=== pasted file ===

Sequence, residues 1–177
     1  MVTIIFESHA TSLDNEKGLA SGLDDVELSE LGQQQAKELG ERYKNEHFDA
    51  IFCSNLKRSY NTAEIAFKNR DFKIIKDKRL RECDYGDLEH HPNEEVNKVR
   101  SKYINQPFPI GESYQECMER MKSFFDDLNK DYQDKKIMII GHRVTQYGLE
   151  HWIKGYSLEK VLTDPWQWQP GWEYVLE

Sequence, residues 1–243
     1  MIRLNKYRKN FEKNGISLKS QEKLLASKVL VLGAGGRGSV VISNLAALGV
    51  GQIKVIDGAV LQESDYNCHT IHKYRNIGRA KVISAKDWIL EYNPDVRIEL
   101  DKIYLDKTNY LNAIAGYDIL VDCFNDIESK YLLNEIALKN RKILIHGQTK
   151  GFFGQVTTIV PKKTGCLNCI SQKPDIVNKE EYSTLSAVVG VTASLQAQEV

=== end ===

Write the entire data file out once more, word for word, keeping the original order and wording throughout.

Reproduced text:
Sequence, residues 1–177
     1  MVTIIFESHA TSLDNEKGLA SGLDDVELSE LGQQQAKELG ERYKNEHFDA
    51  IFCSNLKRSY NTAEIAFKNR DFKIIKDKRL RECDYGDLEH HPNEEVNKVR
   101  SKYINQPFPI GESYQECMER MKSFFDDLNK DYQDKKIMII GHRVTQYGLE
   151  HWIKGYSLEK VLTDPWQWQP GWEYVLE

Sequence, residues 1–243
     1  MIRLNKYRKN FEKNGISLKS QEKLLASKVL VLGAGGRGSV VISNLAALGV
    51  GQIKVIDGAV LQESDYNCHT IHKYRNIGRA KVISAKDWIL EYNPDVRIEL
   101  DKIYLDKTNY LNAIAGYDIL VDCFNDIESK YLLNEIALKN RKILIHGQTK
   151  GFFGQVTTIV PKKTGCLNCI SQKPDIVNKE EYSTLSAVVG VTASLQAQEV